Seville Cathedral
Central to the city of Seville is its Cathedral which is the largest in the world

Toledo Cathedral

It took more than 250 years to build this cathderal which is simply stunning. A variety of architectural styles are in evidence within the building that once again was built on the site of the city mosque from the days of Moorish rule. It is one of the main attractions on a day-trip from Madrid to Toledo.

640 toledo cathedral 01

Palma de Mallorca Cathedral

Overlooking the Bay of Palma is Mallorca’s La Seu Cathedral which again has Moorish origins. If you’re staying in one of the popular resorts of the south coast it’s well worth a day excursion into Palma. Also check out the former Moorish fort at Palau de l’Almudaina which today serves as a royal residence.

La Seu Cathedral in Palma de Mallorca
La Seu Cathedral in Palma de Mallorca – Photo Credit: CC Kismihok

Santiago de Compostela Cathedral

Every year Santiago de Compostela is the final destination of thousands of pilgrims who have walked the ‘Camino de Santiago’ (Way of St James). The city’s stunning cathedral houses the tomb of Saint James (Santiago) and at certain masses the enormous ‘botafumeiro’ incense burner swings up and down the main aisle.

Cathedral of Santiago de Compostela
Cathedral of Santiago de Compostela – Photo Credit: CC Contando Estrelas

Léon Cathedral

I’d read in a Spain travel guide that the highlight of this cathedral is its stained glass window which didn’t sound a big deal. How wrong I was! Whilst the building is quite stunning both inside and out the multicoloured scene of the ‘Last Supper’ is quite breathtaking and unique amongst Spain’s many fabulous religious buildings.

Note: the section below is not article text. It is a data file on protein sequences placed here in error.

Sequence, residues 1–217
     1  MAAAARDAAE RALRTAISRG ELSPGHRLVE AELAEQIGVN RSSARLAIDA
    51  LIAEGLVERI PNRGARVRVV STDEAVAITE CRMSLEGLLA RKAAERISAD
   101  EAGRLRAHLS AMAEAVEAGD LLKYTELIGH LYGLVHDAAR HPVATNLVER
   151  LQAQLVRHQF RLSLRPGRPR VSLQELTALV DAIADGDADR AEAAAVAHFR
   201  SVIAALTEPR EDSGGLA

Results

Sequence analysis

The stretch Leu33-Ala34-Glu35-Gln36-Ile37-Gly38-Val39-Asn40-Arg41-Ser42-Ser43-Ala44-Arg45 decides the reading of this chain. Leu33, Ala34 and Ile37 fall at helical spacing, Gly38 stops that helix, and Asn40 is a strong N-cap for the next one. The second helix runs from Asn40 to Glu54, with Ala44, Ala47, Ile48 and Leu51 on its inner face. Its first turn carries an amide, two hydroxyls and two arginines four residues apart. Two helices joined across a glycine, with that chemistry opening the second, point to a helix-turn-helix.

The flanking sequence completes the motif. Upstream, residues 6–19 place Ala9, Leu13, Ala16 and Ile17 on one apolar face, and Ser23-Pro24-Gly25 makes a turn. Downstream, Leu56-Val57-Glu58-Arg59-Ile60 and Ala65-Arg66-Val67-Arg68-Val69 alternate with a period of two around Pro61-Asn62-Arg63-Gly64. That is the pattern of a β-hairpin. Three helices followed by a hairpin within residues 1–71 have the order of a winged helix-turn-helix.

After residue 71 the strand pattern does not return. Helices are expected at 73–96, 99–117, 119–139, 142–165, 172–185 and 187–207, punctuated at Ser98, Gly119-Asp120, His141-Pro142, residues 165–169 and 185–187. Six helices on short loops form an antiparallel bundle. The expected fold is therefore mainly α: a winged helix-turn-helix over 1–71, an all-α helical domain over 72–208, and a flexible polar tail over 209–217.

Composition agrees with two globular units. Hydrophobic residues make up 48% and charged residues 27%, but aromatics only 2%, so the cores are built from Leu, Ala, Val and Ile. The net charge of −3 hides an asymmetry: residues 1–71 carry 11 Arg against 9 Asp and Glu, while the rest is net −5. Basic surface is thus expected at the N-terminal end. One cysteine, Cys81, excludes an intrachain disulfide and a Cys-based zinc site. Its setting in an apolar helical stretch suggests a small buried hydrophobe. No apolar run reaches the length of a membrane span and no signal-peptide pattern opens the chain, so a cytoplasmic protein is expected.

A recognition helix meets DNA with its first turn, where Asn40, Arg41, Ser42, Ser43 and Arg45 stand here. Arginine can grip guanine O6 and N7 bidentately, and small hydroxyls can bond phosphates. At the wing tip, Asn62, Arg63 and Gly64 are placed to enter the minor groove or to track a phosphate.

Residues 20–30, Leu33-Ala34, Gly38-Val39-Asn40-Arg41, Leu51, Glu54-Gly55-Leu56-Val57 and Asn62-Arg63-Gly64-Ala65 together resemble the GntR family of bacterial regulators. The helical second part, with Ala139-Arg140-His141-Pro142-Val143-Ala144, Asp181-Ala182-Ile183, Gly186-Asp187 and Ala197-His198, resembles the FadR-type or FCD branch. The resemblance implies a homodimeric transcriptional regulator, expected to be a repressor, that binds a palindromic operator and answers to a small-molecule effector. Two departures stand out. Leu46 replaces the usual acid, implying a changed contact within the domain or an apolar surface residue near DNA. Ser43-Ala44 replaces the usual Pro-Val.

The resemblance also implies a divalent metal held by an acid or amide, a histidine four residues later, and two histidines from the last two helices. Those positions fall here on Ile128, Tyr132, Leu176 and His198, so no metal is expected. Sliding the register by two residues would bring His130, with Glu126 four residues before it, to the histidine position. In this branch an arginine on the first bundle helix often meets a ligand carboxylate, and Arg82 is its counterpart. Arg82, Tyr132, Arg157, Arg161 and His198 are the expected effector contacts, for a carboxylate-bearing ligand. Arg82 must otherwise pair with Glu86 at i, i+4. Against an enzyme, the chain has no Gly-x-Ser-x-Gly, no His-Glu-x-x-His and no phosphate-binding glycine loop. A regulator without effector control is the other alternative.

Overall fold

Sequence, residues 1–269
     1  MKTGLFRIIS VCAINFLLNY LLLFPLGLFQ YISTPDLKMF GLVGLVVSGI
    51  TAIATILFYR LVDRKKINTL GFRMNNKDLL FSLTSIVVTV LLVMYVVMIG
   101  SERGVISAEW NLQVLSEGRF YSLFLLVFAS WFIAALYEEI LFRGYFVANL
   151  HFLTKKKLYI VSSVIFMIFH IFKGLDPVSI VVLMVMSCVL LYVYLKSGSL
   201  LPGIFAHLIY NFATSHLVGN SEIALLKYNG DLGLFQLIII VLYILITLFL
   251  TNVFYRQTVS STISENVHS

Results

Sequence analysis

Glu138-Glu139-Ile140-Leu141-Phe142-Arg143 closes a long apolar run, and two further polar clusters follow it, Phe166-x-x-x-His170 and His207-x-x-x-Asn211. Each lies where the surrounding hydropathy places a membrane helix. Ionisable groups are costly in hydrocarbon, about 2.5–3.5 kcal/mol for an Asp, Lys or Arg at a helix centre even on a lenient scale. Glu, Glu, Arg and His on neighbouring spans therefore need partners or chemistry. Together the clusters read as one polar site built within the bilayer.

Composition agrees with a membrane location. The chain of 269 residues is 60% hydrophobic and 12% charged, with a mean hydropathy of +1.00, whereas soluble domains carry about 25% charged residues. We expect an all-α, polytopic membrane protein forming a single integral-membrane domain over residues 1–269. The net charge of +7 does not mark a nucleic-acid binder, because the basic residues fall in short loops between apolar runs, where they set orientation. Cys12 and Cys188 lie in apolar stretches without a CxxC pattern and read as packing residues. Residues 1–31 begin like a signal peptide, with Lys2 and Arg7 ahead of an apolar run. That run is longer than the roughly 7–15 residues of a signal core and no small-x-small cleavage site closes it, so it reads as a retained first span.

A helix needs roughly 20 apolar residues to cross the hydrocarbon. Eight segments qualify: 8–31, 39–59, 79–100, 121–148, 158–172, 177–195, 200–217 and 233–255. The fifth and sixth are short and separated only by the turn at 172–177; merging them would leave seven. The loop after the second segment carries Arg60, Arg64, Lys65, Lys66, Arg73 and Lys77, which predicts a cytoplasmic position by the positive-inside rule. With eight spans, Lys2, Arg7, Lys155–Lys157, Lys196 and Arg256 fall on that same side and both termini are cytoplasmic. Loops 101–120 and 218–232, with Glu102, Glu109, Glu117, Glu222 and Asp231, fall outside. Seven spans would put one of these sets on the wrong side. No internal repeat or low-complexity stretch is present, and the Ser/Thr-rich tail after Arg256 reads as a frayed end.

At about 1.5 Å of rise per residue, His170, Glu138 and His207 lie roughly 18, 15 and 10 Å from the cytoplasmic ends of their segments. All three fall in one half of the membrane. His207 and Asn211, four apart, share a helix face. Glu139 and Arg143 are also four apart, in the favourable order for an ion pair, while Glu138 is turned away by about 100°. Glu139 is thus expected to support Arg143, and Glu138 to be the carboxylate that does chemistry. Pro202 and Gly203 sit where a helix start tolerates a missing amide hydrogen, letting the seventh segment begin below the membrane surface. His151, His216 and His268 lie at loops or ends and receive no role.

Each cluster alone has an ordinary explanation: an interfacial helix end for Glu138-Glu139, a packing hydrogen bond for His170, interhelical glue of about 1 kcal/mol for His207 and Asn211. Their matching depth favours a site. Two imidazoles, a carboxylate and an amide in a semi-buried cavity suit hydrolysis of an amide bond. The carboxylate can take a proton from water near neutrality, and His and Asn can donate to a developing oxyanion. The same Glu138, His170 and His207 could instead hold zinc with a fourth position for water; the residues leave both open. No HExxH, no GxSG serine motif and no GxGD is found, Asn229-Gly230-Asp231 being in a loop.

Burgos Cathedral

If you ever take a ferry from the UK to or from Spain and are planning an overnight stay within proximity of the ports of Bilbao or Santander then I’d recommend that you consider Burgos which is an attractive city in its own right but the fabulous Gothic cathedral is enough to justify a visit on its own.

Salamanca Cathedral

Salamanca’s “new” cathedral dates back to 1513 and encompasses the old cathedral within its walls. Take a wander down at dusk when the building’s sandstone walls seem to glow in the setting sun and try to spot the sculpture of an astronaut and an ice cream cone which appeared in the outer walls during a restoration in the 1990s. It’s true!

Zaragoza Cathedral

If you’re travelling between Barcelona and Madrid by road or rail you should consider taking a look at Zaragoza. The cathedral sits on the banks of the river Ebro and is home to the statue of El Pilar, the city’s patron saint. Seeing the building illuminated across the river at night is simply stunning.